LONDON (Reuters) - After a first week in the Premier League that saw the champions Chelsea toppled and 31 goals flying in, the victories by Manchester's clubs on the opening weekend suggested they could be the teams to chase this term.
The rivals are book-ending week two, with United at Swansea City in Saturday's lunchtime game and City testing Everton's new big-spending resolve on Monday. That should provide an even better feel for their credentials.
Jose Mourinho's United put four past West Ham United and Romelu Lukaku quickly demonstrated his intent to be crowned the league's top scorer, after just missing out last year, with an accomplished double.
Just as impressive was the performance of Pep Guardiola's City, who broke down the newcomers Brighton & Hove Albion with the pairing of Sergio Aguero and Gabriel Jesus promising much.
German international Ilkay Gundogan is back in the frame for them, too, after a long-term injury as the summer's 200 million-pound big spenders face an Everton side who have been splashing out again themselves by signing Gylfi Sigurdsson.
Still having to prove they have enough goals in them after the departure of Lukaku, manager Ronald Koeman declared on Wednesday that the Icelander is the man to "bring productivity" to the Toffees after Lukaku's departure.
The big question marks have all been down at Stamford Bridge this week following their home loss to Burnley.
They ended up with nine men and the first glimpse of deja vu for Blues faithful who can't bring themselves to believe their title defence under Antonio Conte will go the same way as the last one, under Mourinho, two years ago.
With injuries and suspensions to the dismissed Gary Cahill and Cesc Fabregas, a visit to old foes Tottenham Hotspur on Sunday is the sort of demanding follow-up Conte might have hoped to have been spared so early in the campaign.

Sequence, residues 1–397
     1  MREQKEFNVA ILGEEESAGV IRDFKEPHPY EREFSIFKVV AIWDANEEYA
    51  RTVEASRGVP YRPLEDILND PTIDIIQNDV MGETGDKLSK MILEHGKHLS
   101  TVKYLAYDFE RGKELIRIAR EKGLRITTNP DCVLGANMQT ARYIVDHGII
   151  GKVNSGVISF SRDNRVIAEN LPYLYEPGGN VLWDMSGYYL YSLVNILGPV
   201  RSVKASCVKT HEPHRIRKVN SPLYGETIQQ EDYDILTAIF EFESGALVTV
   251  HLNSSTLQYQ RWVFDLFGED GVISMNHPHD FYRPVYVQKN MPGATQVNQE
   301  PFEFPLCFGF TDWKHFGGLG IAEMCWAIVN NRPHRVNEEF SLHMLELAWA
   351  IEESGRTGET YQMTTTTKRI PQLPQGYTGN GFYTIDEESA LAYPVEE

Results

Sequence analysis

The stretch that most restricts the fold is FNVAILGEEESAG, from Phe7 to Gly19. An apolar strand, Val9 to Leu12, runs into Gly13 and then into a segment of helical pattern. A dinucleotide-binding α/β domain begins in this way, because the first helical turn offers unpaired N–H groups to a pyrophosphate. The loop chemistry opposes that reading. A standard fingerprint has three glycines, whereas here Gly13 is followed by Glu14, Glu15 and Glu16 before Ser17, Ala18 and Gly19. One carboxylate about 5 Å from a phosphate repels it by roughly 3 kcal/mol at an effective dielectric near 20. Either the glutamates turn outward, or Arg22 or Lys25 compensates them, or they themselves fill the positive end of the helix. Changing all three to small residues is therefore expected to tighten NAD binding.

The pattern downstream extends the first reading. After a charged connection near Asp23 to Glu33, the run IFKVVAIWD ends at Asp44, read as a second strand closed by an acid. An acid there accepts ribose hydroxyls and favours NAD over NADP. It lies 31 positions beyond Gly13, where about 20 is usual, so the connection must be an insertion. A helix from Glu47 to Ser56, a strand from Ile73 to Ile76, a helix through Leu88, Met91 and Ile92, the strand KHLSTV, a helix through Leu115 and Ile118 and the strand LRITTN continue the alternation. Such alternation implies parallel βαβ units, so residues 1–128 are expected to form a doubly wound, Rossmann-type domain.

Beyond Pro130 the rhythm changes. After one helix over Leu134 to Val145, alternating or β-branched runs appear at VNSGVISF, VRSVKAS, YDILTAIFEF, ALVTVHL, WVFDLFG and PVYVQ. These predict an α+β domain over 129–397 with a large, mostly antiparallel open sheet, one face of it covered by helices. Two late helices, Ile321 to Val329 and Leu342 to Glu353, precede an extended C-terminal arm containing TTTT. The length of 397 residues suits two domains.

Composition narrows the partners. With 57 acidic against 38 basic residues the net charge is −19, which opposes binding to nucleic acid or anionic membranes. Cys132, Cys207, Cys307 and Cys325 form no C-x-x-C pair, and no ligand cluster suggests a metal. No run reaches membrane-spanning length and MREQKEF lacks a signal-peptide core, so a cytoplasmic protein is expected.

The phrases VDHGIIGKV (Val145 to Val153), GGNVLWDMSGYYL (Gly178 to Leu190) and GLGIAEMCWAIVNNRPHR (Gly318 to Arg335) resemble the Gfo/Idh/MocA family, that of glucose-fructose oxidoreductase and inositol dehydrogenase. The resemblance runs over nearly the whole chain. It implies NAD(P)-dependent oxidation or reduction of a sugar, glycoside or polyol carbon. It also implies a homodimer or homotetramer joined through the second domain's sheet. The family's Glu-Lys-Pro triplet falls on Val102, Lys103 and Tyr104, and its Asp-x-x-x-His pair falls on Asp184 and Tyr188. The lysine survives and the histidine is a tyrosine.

Yet could Spurs' brave new world at Wembley Stadium, as they wait for their new White Hart Lane home to be finished, prove an Achilles heel? If their wretched Champions League experiences there last season are anything to go by, it could be.
Liverpool's win in the Champions League qualifier at Hoffenheim was just the tonic they needed to forget the saga of whether Philippe Coutinho would stay or head for Barcelona. Instead, they could revel in home-grown teenager Trent Alexander-Arnold's goal-scoring in Germany.
They now seek their first league win of the campaign against Crystal Palace, who were left reeling by a woeful debut under Frank De Boer in the 3-0 defeat at home to Huddersfield Town.
The Terriers, hardly able to credit such an emphatic victory in their first match in the top flight for 45 years - which saw them briefly top the table until Manchester United's win - now have the chance to make it, in contrast, a pointless start for fellow newcomers Newcastle United at Kirklees Stadium.
Arsenal visit Stoke City, so often a fixture with the feel of a proper culture clash, and they will be counting on new signing Alexandre Lacazette to hit the target again. Lacaztte scored after just 94 seconds of his debut in the 4-3 win over Leicester City.
(Reporting by Ian Chadband, editing by Larry King)
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